It is recognized that antibiotics may initially worsen the process outlined above, by increasing the amount of bacterial cell membrane products released through the destruction of bacteria. Particular treatments, such as the use of glucocorticoids, are aimed at dampening the immune system's response to this phenomenon
  (+ info)

What's the difference between Viral, bacterial and fungal meningitis?


I know that they're all different types obviously, bacterial being the most severe. But what's the difference? How does it affect the meninges different and body systems etc?

Also..is meningitis just caused frm typical bacteria that just gets spread through the blood into the spinal fluid?
For example makes bacterial so much worse than viral and how can viral disappear on it's own where bacterial, treatment is necessary.
The MAIN thing I need to know is WHY bacterial is so much more harmful than viral. Like, if both affect the meninges, why is viral so much less serious?
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Viral meningitis can be caused by many different viruses, including common intestinal viruses and viruses associated with mumps and herpes infection. In some cases, people can get viral meningitis from drinking polluted water.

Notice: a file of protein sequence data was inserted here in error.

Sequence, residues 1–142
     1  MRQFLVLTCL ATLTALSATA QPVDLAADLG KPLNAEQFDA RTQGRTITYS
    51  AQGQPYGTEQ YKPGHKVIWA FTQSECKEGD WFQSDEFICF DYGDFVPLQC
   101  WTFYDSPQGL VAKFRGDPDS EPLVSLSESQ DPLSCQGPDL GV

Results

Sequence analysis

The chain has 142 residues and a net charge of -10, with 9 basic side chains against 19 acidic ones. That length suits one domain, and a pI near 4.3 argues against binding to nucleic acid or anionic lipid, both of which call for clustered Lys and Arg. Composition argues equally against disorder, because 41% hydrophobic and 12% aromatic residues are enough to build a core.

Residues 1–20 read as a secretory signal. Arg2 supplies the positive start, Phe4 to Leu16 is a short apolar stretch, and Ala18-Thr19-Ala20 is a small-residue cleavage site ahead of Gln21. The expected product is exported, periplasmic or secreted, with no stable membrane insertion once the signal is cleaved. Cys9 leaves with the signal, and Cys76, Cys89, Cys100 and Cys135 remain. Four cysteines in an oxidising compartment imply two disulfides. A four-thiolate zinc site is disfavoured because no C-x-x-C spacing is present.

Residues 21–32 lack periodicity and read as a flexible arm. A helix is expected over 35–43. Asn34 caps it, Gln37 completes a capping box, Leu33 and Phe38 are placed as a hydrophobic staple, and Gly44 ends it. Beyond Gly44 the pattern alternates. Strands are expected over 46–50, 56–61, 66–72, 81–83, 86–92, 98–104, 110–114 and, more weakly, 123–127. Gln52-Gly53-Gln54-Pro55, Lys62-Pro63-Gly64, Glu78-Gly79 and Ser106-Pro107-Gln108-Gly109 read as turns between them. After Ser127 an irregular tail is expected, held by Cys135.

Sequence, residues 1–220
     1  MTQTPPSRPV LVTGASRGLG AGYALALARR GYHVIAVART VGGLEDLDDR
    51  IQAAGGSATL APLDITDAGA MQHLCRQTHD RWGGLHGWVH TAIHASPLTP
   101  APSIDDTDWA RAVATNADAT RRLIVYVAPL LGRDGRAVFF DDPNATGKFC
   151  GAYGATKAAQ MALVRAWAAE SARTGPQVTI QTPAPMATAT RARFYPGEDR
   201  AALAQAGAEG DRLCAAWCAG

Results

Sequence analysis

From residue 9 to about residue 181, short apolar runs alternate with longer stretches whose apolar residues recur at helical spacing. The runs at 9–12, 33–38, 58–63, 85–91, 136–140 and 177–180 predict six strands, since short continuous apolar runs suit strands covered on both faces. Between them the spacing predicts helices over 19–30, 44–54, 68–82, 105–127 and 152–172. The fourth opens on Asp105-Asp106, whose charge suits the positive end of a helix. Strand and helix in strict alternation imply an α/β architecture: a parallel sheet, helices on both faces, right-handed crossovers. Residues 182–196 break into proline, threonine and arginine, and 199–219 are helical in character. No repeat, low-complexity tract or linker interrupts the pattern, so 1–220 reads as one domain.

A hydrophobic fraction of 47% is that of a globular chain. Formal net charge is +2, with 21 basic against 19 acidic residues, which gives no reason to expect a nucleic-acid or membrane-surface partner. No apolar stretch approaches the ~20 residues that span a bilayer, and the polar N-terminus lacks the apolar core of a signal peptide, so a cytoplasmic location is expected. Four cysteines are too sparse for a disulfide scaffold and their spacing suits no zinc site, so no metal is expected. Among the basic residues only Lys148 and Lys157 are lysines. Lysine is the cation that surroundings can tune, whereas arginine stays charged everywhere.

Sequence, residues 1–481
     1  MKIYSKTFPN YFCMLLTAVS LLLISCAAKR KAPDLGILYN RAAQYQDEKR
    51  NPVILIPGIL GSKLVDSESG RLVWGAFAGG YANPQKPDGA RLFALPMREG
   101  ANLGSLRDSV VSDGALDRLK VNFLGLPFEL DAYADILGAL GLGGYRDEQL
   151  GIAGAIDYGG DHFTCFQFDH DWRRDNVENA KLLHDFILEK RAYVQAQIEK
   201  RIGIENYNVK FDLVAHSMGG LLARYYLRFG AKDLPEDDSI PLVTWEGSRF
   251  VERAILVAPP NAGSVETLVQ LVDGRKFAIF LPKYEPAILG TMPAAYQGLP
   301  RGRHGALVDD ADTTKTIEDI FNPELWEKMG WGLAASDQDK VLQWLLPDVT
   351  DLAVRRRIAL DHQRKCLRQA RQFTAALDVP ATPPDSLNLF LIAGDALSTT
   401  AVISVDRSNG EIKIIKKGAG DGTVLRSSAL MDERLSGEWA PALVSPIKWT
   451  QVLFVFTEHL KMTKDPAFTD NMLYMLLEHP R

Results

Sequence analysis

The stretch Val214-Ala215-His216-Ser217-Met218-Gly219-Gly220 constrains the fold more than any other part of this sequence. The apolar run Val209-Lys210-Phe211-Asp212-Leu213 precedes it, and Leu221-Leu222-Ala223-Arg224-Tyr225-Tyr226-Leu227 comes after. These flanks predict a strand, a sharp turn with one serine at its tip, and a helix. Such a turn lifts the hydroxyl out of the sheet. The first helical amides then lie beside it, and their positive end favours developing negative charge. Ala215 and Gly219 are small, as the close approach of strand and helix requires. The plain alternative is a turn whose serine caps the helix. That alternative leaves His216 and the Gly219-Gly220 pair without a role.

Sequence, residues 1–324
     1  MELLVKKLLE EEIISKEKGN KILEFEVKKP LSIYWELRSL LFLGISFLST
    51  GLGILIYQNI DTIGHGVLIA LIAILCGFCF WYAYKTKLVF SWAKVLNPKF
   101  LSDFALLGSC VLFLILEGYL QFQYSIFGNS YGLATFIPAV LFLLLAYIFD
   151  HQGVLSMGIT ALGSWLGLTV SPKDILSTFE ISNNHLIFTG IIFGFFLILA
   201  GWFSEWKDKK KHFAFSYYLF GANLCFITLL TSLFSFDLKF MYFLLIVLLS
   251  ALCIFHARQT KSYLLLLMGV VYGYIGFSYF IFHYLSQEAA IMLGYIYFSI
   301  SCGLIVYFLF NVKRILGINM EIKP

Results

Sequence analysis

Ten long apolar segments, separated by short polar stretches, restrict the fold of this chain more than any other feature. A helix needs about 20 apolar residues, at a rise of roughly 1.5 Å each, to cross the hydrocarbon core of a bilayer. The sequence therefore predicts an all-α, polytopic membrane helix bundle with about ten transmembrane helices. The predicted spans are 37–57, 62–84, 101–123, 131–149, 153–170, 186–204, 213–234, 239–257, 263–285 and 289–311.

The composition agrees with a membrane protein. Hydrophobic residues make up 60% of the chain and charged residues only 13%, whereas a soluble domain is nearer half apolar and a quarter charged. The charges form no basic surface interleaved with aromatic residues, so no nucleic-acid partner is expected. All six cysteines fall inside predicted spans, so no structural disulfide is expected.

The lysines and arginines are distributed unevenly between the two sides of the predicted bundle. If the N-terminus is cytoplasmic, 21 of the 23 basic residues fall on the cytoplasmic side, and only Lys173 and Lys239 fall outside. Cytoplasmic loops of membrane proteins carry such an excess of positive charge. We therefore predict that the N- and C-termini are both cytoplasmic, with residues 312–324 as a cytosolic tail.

The viruses that cause meningitis are contagious, but most people who become infected don't actually develop meningitis. Viral meningitis is usually mild and often clears up within one to two weeks.

Bacterial meningitis is a serious and frequently fatal illness. Even treated early, it can result in brain damage, hearing loss or learning disabilities. Some forms of bacterial meningitis such as meningococcal meningitis are highly contagious. The bacteria are spread though coughing, sneezing, kissing or sharing items such as eating utensils or toothbrushes with an infected person. Bacteria commonly identified as causing meningitis are Neisseria meningitidis, Haemophilus influenza, group B streptococcus (in newborns) and Streptococcus pneumoniae. Other less common bacteria include tuberculosis, Listeria, Staphlococcus and Salmonella.

Fungal and parasitic meningitis are relatively uncommon. Fungal meningitis is more common in people with a weakened immune system.

Viral meningitis usually doesn't require treatment, although certain types of viral meningitis such as herpes meningitis (HSV1) must be treated with antiviral agents to prevent complications or even death. Doctors often recommend bed rest, fluids and over-the-counter medications to relieve fever and headache. Most people completely recover on their own.

Bacterial meningitis needs to be treated immediately to prevent serious complications and death. A number of antibiotics can be used to treat bacterial meningitis, depending on the organism causing the infection. Other medications may also be used to treat symptoms and prevent permanent damage from the disease.  (+ info)

What are the long-term effects of bacterial meningitis?


After a person had bacterial meningitis and survived after being treated at the hospital, what are the known long-term effects from it? I know hearing loss is one of them, but what are others?
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Important to know...

"Severe illness (such as meningitis) during the first years of life, physical trauma and severe dehydration can cause brain injury and result in Cerebral Palsy."

I pasted this quote directly from the WebMD page...